HIV/AIDS

Since the beginning of the HIV epidemic, the Region of the Americas has contributed with a public health and human rights approach to the global response to HIV. In September 2016, Member States of the Pan American Health Organization approved the Plan of Action for the Prevention and Control of HIV and Sexually Transmitted Infections 2016 -2021. This Plan aims to promote an accelerated, focused, more effective, innovative and sustainable response, paving the way towards the goal of ending the epidemics of AIDS and STIs as public health problems in the Region of the Americas by 2030.

Key facts
  • The number of new HIV infections in Latin America is estimated to have increased 21% since 2010, with approximately 120,000 new infection in 2019. The Caribbean had a reduction of 29% from 2010 to 2019, down from an estimated 18.000 new cases to 13.000 per year.
  • The HIV epidemic in the Region disproportionally affects certain sub-population (key populations), including gay men and other men who have sex with men (MSM) transgender women, and female sex workers. In Latin America, these three key populations account for approximately half of the new infections in 2019, and 37% in the Caribbean.
  • In 2019, an estimated 3.7 milllion people with HIV in the Americas, 2.1 million in Latin America, and 330 thousand in the Caribbean.
  • In Latin America, the number of people dying of AIDS-related death have decreased from 41000 in 2010 to 37 thousand in 2019, while the Caribbean decreased from 11 thousand to 6,900 in the same period.
  • It is estimated that 23% of people with HIV in Latin America and in the Caribbean are unaware of their infection, and approximately one third are diagnosed late, with advanced immunodeficiency (under 200 CD4 per mm3 of blood).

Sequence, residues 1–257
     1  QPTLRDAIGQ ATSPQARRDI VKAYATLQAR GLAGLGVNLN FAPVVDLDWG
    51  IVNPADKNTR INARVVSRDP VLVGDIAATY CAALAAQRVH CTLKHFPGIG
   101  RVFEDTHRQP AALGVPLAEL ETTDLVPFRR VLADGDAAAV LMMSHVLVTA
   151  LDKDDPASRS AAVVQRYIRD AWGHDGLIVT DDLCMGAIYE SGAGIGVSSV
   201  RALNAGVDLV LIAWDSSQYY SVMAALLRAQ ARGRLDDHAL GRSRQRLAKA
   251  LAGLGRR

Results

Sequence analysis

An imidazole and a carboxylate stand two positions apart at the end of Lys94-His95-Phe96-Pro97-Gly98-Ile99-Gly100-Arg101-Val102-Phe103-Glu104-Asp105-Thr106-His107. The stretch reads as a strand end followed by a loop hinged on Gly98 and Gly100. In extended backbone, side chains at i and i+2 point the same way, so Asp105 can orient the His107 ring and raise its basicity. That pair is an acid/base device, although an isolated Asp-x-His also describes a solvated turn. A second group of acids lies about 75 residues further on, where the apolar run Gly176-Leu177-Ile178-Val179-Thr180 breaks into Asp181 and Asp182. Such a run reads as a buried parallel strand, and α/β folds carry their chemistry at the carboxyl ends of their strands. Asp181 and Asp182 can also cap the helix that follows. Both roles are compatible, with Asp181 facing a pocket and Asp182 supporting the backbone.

• Approximately 1.3 million people living with HIV were receiving antiretroviral treatment (ART) in Latin America and 210 thousand in the Caribbean by the end of 2019, accounting for 60% ART coverage among all persons estimated to be living with HIV in Latin America and 63% in the Caribbean.
  • WHO: Key facts
What PAHO does

The 69th World Health Assembly endorsed the Global Health Sector Strategy on HIV for 2016-2021. The strategy includes five strategic directions that guide priority actions by countries and by WHO over the next six years.

The strategic directions are:

  • Information for focused action (know your epidemic and response).
  • Interventions for impact (covering the range of services needed).
  • Delivering for equity (covering the populations in need of services).
  • Financing for sustainability (covering the costs of services).
  • Innovation for acceleration (looking towards the future).

In the Americas, countries have also endorsed the Plan of Action for the Prevention and Control of HIV and Sexually Transmitted Infections 2016-2021 to help accelerate the progress towards the end of AIDS and STI epidemics as public health problems by 2030 in the Region of the Americas. The goals of the regional Plan of Action are to reduce the incidence of new HIV infections, AIDS-related mortality, and STI-related complications. The Plan also integrates the goals of the previous Regional Strategy and Plan of Action for the Elimination of Mother-to-Child Transmission of HIV and Congenital Syphilis, reducing the rate of mother-to-child transmission of HIV and congenital syphilis to elimination levels.